Jump to content

Have any liveaboard had a positive covid test?


Featured Posts

Having a smaller population we have carried out far more testing per capita than in the UK and we in the West have been locked off from the rest of Australia for months and are approaching level five conditions here which means apart from borders being closed we are nearly back to normal. We are having 50% crowds to football games from Thursday and if there hadn't been a spike in Victoria we would have been at level 5 on Saturday.

I read blogs and watch vlogs and on here of course and until I started this thread I had only heard of one probable(Rich from "Floating Our Boat") so apart from my submition to our "great" leaders I was just curious to hear from forum members.

One of the side effects of all the social distancing, hand sanitizing  etc is even though we are in the middle of our winter our friends and us have seen virtually no colds or flu this year.

Edited by harleyj
  • Greenie 1
Link to post
Share on other sites
11 hours ago, roland elsdon said:

The antibody tests are not very reliable. The get more reliable the longer ago you had the infection I believe.

 

From everything I have read, I would agree they are not very reliable which is why they havent been rolled out.

You are right that it seems to be that the antibodies seem to increase in the weeks and months after infection so the longer you leave the test the more responsive -so the more accurate the test is. However I was reading in the Guardian (its free on line) yesterday that a study by the oxford lot (inventing the vacine) say that in a test of 1000 or so, the antibodies then started to decrease to the point where they thought that an individual would be susceptible to the virus again. It quote something like 3 months immunity only - ie similar to the common cold. If true then the antibody test wont work in that case either.

We are all doomed.

 

Link to post
Share on other sites
6 hours ago, Dr Bob said:

I was reading in the Guardian (its free on line) yesterday that a study by the oxford lot (inventing the vacine) say that in a test of 1000 or so, the antibodies then started to decrease to the point where they thought that an individual would be susceptible to the virus again. It quote something like 3 months immunity only - ie similar to the common cold. If true then the antibody test wont work in that case either.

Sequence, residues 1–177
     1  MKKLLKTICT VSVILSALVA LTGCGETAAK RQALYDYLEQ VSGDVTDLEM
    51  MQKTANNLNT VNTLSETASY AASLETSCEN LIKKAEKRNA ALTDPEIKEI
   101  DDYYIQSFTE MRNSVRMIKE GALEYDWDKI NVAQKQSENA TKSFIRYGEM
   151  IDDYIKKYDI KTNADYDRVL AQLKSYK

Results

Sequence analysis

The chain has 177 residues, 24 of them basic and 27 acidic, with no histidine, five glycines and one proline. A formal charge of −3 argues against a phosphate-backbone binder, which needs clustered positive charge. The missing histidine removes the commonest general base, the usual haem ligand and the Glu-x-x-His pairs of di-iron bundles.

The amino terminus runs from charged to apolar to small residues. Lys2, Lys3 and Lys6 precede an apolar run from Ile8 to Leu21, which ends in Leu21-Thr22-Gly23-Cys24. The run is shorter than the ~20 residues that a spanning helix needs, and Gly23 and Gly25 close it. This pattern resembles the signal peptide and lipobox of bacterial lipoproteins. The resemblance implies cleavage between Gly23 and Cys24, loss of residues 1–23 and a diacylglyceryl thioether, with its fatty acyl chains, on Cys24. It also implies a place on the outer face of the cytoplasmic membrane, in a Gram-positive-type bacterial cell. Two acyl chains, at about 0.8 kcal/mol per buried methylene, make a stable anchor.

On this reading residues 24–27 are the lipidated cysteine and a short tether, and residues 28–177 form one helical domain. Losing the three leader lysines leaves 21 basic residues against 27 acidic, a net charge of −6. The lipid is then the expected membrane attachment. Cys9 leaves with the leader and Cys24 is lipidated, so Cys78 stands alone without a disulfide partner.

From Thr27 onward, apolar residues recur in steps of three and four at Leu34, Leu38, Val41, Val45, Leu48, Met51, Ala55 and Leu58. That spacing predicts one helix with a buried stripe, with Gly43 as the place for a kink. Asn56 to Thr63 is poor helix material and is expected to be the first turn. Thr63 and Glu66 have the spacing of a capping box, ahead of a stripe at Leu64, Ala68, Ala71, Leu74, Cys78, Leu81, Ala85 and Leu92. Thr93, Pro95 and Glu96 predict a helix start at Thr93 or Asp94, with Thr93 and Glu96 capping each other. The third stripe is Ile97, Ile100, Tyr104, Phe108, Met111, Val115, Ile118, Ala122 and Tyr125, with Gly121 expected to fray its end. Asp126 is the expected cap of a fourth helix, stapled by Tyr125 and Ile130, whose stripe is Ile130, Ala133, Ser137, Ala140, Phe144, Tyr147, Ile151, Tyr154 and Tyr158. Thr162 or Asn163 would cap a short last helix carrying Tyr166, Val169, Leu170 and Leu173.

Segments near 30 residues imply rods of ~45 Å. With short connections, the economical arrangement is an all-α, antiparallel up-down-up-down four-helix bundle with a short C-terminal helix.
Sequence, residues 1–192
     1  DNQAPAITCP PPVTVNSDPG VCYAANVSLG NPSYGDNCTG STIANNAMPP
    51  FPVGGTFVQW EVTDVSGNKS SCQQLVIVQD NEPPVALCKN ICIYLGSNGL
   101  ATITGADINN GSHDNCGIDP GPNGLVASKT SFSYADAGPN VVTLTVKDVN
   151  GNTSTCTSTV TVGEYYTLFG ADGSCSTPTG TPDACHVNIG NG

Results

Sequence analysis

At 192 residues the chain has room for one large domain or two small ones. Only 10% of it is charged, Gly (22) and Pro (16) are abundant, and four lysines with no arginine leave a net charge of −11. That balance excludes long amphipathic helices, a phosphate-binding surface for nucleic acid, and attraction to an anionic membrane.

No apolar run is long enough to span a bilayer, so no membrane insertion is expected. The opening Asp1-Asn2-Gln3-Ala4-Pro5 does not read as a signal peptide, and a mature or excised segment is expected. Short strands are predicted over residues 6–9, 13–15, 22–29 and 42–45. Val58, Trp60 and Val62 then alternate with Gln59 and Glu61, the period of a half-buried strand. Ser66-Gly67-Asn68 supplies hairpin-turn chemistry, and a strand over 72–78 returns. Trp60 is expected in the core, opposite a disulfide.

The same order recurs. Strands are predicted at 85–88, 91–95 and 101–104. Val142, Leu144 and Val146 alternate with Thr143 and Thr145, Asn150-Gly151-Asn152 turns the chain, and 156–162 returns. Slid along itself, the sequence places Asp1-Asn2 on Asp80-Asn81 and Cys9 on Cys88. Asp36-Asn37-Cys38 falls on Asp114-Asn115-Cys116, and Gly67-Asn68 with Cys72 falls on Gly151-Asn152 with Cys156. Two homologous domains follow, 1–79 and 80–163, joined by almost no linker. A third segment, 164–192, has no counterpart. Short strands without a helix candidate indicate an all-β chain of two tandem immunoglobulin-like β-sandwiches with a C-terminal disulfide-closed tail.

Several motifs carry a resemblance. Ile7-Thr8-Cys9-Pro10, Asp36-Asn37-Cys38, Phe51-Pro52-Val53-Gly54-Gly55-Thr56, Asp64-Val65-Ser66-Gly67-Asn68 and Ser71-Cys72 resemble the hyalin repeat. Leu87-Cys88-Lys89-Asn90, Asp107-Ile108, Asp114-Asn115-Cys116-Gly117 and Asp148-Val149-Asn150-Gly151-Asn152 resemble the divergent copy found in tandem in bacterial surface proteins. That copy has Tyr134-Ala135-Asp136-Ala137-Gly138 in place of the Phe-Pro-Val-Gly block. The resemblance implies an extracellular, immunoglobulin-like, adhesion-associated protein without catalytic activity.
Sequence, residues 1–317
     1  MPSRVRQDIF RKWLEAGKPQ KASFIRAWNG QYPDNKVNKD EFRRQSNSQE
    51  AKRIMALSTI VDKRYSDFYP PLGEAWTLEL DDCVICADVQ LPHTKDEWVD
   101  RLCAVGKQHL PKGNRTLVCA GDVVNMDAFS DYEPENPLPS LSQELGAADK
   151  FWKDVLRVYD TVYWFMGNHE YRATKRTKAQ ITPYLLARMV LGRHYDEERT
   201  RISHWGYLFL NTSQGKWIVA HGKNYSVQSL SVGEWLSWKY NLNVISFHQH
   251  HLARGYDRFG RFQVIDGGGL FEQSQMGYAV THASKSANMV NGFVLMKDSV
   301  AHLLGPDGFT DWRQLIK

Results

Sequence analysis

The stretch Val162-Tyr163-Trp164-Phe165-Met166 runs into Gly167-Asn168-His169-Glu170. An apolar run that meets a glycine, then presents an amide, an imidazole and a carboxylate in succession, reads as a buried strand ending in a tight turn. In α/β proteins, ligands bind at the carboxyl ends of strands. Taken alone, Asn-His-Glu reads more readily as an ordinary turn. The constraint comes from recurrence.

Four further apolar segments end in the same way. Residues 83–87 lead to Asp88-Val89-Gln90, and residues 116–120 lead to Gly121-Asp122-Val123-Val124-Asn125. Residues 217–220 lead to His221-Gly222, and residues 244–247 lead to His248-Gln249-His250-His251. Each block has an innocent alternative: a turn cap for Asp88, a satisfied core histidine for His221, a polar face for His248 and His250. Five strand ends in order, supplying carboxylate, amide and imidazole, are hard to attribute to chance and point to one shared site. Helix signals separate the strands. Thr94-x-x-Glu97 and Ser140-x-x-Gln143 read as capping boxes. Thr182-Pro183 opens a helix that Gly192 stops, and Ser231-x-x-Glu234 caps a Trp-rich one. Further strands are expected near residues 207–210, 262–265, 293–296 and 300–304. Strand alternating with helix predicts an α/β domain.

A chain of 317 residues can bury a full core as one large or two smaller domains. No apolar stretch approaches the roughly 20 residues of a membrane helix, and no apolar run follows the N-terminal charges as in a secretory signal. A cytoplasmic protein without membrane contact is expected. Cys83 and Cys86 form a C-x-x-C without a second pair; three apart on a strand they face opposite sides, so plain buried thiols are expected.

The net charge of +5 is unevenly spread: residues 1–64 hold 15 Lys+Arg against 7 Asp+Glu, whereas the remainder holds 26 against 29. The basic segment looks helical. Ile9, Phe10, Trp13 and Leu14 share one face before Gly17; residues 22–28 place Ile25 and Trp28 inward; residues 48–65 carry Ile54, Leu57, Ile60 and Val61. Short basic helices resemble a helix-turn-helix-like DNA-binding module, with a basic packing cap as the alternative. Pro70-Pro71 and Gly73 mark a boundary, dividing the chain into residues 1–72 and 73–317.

This? https://www.theguardian.com/world/2020/jul/12/immunity-to-covid-19-could-be-lost-in-months-uk-study-suggests

  • Greenie 1
Link to post
Share on other sites
15 minutes ago, George and Dragon said:

Dont go posting the link!!!!! 😄

Everyone will see I was telling porkies!

It was the London lot, not the oxford lot that did the study and it was only 90 peeps in the study not 1000. In my defence I was part way through a 16 year bottle of Lagavulin when I ready it.

  • Haha 1
Link to post
Share on other sites
8 hours ago, Dr Bob said:

From everything I have read, I would agree they are not very reliable which is why they havent been rolled out.

You are right that it seems to be that the antibodies seem to increase in the weeks and months after infection so the longer you leave the test the more responsive -so the more accurate the test is. However I was reading in the Guardian (its free on line) yesterday that a study by the oxford lot (inventing the vacine) say that in a test of 1000 or so, the antibodies then started to decrease to the point where they thought that an individual would be susceptible to the virus again. It quote something like 3 months immunity only - ie similar to the common cold. If true then the antibody test wont work in that case either.

We are all doomed.

 

Well if you wear your mask like that you will be.....

Besides there is something called T cell immune response which may assist, if a Past suffer is exposed to covid again.

The vaccines are taking different courses, and it may well be a combination that works.